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Supplementary Table S1 from Clinical and Genomic Predictors of Adverse Events in Newly Diagnosed Glioblastoma

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posted on 2024-04-01, 07:23 authored by Mary Jane Lim-Fat, J. Bryan Iorgulescu, Rifaquat Rahman, Varun Bhave, Alona Muzikansky, Eleanor Woodward, Sydney Whorral, Marie Allen, Mehdi Touat, Xiaomei Li, Gongwen Xy, Jay Patel, Elizabeth R. Gerstner, Jayashree Kalpathy-Cramer, Gilbert Youssef, Ugonma Chukwueke, J. Ricardo McFaline-Figueroa, Lakshmi Nayak, Eudocia Q. Lee, David A. Reardon, Rameen Beroukhim, Raymond Y. Huang, Wenya Linda Bi, Keith L. Ligon, Patrick Y. Wen

Supplemental Table 1: Overall survival associated with adverse events.

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ARTICLE ABSTRACT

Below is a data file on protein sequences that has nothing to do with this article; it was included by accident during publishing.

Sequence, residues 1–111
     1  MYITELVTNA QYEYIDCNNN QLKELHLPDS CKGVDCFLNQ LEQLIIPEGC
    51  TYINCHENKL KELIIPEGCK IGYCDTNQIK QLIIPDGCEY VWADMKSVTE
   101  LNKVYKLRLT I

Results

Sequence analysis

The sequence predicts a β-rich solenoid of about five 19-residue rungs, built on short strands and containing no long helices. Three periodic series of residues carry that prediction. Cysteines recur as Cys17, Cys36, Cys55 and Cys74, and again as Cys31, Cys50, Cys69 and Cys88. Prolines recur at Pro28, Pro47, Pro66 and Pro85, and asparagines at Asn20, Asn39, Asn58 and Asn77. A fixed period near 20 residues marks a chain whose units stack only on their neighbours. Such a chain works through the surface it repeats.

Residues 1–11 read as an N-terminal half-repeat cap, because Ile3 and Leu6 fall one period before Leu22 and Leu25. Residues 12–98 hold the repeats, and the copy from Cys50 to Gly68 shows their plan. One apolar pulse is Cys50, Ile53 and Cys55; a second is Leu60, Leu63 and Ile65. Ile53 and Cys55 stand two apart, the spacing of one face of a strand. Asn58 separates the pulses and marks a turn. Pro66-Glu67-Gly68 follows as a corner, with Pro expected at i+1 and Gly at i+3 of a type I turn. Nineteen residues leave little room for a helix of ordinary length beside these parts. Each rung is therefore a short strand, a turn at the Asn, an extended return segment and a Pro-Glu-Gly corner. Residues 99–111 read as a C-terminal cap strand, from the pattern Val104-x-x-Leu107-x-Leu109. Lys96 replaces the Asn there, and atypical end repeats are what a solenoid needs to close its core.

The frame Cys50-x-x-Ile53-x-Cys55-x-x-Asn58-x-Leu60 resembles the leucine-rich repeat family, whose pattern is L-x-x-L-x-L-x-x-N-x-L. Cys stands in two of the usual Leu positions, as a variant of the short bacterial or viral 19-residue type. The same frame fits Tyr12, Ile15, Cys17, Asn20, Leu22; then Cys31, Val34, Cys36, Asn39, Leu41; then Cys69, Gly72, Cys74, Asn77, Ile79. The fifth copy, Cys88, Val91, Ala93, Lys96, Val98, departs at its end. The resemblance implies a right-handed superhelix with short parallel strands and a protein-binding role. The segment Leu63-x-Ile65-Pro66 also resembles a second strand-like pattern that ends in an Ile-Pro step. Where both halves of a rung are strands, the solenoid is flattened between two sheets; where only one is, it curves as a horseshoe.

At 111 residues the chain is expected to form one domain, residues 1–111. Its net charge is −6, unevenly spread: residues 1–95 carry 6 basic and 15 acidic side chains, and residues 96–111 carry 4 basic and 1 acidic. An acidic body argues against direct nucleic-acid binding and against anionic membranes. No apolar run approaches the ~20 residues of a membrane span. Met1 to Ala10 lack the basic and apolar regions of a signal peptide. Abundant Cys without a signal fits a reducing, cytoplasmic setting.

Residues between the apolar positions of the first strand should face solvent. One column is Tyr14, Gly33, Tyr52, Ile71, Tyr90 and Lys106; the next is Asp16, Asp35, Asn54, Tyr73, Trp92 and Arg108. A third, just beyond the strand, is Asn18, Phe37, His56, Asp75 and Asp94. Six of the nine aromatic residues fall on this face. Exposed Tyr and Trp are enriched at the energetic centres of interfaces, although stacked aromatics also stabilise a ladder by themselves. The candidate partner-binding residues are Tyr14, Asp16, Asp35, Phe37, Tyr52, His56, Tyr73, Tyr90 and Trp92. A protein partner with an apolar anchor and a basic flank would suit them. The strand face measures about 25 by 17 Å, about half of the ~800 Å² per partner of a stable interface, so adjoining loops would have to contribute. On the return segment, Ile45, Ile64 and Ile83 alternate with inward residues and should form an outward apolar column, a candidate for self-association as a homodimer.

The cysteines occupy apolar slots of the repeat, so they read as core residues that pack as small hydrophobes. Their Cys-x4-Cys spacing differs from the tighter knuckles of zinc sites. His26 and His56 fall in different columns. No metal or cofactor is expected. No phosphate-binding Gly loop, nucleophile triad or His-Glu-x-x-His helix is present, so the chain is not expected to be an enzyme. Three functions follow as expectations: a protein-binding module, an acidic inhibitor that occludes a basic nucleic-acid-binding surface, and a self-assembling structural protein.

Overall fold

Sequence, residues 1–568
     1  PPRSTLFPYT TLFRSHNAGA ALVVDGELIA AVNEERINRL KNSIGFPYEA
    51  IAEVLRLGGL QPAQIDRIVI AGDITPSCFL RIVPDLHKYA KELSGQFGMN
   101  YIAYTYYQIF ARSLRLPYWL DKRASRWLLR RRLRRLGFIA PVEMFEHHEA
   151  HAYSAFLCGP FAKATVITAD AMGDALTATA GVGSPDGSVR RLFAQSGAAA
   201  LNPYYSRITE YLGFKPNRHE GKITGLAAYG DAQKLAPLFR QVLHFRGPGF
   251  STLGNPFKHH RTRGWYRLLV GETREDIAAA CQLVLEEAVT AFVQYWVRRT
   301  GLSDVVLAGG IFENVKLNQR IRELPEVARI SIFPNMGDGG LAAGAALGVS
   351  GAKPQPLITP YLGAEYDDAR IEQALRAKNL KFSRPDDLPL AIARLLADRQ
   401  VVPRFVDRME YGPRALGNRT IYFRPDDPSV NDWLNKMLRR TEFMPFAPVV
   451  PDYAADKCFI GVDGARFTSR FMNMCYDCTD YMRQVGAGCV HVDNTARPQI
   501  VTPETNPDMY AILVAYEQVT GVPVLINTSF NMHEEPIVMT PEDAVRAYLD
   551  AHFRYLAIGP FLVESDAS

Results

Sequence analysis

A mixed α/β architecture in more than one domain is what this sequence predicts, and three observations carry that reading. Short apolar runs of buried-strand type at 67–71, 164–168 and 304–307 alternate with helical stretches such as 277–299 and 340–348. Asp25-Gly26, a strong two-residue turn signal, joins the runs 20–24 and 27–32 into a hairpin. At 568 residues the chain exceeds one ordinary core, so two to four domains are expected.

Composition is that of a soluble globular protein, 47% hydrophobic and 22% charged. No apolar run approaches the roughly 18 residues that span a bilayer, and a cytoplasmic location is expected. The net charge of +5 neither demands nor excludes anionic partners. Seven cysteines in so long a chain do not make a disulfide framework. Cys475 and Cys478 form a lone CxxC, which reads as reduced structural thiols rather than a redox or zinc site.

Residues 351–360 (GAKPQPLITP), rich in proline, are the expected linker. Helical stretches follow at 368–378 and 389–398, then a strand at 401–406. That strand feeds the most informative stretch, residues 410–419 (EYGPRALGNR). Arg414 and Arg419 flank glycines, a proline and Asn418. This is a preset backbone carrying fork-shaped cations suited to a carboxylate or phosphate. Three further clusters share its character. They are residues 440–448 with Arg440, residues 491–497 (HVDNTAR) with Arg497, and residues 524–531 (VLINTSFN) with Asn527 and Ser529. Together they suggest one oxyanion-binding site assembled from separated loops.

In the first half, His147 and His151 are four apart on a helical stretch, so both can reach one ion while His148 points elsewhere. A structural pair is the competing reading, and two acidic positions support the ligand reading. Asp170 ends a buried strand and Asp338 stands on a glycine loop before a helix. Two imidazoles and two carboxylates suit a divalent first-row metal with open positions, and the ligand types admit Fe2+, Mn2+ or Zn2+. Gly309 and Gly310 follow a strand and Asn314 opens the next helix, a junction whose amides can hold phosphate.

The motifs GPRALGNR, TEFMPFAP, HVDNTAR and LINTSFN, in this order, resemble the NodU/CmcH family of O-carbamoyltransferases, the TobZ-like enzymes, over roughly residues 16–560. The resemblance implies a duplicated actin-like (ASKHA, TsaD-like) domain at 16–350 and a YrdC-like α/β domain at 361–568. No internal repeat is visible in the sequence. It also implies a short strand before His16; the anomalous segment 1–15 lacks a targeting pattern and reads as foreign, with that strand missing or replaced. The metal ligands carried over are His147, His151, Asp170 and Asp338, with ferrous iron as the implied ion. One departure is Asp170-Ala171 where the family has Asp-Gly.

Adverse clinical events cause significant morbidity in patients with GBM (GBM). We examined whether genomic alterations were associated with AE (AE) in patients with GBM. We identified adults with histologically confirmed IDH-wild-type GBM with targeted next-generation sequencing (OncoPanel) at Dana Farber Cancer Institute from 2013 to 2019. Seizure at presentation, lymphopenia, thromboembolic events, pseudoprogression, and early progression (within 6 months of diagnosis) were identified as AE. The biologic function of genetic variants was categorized as loss-of-function (LoF), no change in function, or gain-of-function (GoF) using a somatic tumor mutation knowledge base (OncoKB) and consensus protein function predictions. Associations between functional genomic alterations and AE were examined using univariate logistic regressions and multivariable regressions adjusted for additional clinical predictors. Our study included 470 patients diagnosed with GBM who met the study criteria. We focused on 105 genes that had sequencing data available for ≥ 90% of the patients and were altered in ≥10% of the cohort. Following false-discovery rate (FDR) correction and multivariable adjustment, the TP53, RB1, IGF1R, and DIS3 LoF alterations were associated with lower odds of seizures, while EGFR, SMARCA4, GNA11, BRD4, and TCF3 GoF and SETD2 LoF alterations were associated with higher odds of seizures. For all other AE of interest, no significant associations were found with genomic alterations following FDR correction. Genomic biomarkers based on functional variant analysis of a routine clinical panel may help identify AE in GBM, particularly seizures. Identifying these risk factors could improve the management of patients through better supportive care and consideration of prophylactic therapies.

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